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Ask Nicole: The latest information for Victorian midwives

Ask Nicole: The latest information for Victorian midwives

Nicole Allan

The FUCHSIA Cohort study

In 2021, the La Trobe University School of Nursing and Midwifery conducted a study called The FUCHSIA study: Future proofing the midwifery workforce in Victoria. The aim of the study was to gather accurate, up-to-date evidence regarding the health and wellbeing of the Victorian midwifery workforce, and its sustainability.

The results of this study, titled The FUCHSIA Report 2021, were released in 2022.

The initial study was conducted without funding. In August 2023, ANMF (Vic Branch) executive approved a contribution to support the longitudinal continuation of this important work through to 2026, which will help us to understand workforce wellbeing and retention over time – and, significantly, to plan to improve it.

This kind of important work can often seem intangible, especially as it takes time. But to achieve change we need hard data. I believe this work will make a critical contribution towards identifying factors that could increase the retention of midwives in the Victorian maternity sector, and in turn, increase sustainability of the workforce.

The longitudinal study is called the FUCHSIA Cohort Study and it is following a cohort of midwives and midwifery students who participated in the original study in 2021. They will answer an online survey annually until 2025.

At the midway point, it’s still a bit too early to see larger trends but lead researcher Robyn Matthews tells me that one of the things they’ve noticed between 2021 and 2022 is more midwives in the cohort have moved from permanent to casual employment. ‘This might be a coping mechanism to deal with the stress or the burnout,’ she says ‘and the question we’re then interested in is whether those who become casual then leave. And if so, what might reverse that trend.’

A longitudinal study also allows for the introduction of new questions, informed by earlier data. ‘For instance, the workforce is incredibly part time. So we have introduced a range of financial questions. For example, if they have entered the workforce at a younger age, do they think about what their financial wellbeing will be like when they are 50, after so many years in part-time work?’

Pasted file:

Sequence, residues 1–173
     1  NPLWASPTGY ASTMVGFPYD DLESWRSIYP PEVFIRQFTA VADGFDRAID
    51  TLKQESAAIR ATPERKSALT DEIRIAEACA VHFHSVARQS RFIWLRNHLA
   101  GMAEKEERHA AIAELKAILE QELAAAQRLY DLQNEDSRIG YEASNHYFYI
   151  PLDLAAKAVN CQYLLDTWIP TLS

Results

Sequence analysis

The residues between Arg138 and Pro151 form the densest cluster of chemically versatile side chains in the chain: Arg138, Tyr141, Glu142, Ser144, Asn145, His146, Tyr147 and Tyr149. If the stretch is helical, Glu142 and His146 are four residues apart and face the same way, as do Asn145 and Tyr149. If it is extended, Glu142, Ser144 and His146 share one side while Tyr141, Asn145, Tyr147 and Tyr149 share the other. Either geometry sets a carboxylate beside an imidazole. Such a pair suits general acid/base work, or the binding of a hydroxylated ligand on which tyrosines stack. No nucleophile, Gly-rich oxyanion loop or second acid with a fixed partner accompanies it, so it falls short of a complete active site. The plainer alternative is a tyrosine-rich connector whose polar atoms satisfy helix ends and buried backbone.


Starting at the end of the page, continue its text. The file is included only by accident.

As part of ANMF’s funding of The FUCHSIA Cohort study, Robyn and her colleague Professor Della Forster are providing a yearly report to the Branch so that we can see those trends. This will help inform future planning for EBAs, ratios and the like – real-life data that can back up what we are advocating for on behalf of Victoria’s midwives.

Robyn and Della’s ultimate aim for the study aligns with the Branch’s goals: ‘we need to make midwifery a sustainable profession,’ Robyn says.

‘Our research is going to give us insight into more tangible, quantifiable aspects of the workload: for example, what makes it so intense. Then we can work with ANMF on changing that, to make that more sustainable – to reduce burnout, to keep midwives in the profession, to give them clinical pathways, more job satisfaction, more autonomy and, ideally, more money.’

Midwifery workforce initiative trial

Throughout 2023, ANMF (Vic Branch) and Peninsula Health collaborated to trial new midwifery workforce models. The aim was to investigate options to support and retain midwives, to bring midwives back to the bedside, and to reduce workloads.

Among the initiatives trialled were:

  • A discharge support midwife: to assist with timely discharge, including performing baby checks, postnatal checks, managing relevant pharmacy requirements and assisting with birth outcome systems (BOS). This position was to support the workload of discharging women in an environment of reduced length of stay and staffing shortfalls. They worked a short shift (five hours), at a time of their choosing, starting no earlier than 7am and finishing no later than 9pm.
  • A birth suite/postnatal ward support midwife:to assist with the workload of the birth suite and postnatal units to improve workflow, support for breastfeeding women and post-caesarean care, and reduce delay in induction of labour.

These shifts were outside the traditional 8:8:10 roster cycle and were for those wanting to re-enter the permanent workforceor pick up additional permanent shift/hours. Shifts were in addition to Safe Patient Care Act ratios and domiciliary staffing profiles. They were not required to be replaced in the event of unplanned vacancies.

The discharge support midwife proved to be the most popular shift, followed by the birth suite/postnatal ward support midwife, with the most common shifts being 0800 to 1300 or 1000 to 1500.

ANMF and Peninsula Health are now looking at the possible permanent application of these measures and potential expansion across other maternity services, regional and metropolitan.

Women’s Healthcare Australasia

I’m thrilled to be able to share that ANMF (Vic Branch) is now an associate member of Women’s Healthcare Australasia (WHA). Many of our midwifery members will already know that WHA are a non-profit community of +155 women’s hospitals and maternity units across Australia – and staff/employees of the member services are automatically members and are able to access their resources. ANMF nominated staff will now have access to their online member communities and to join networking groups and attend WHA member-led web conferences and conversations. This access and information will enhance the processes of our advocacy in the maternity sector for our members.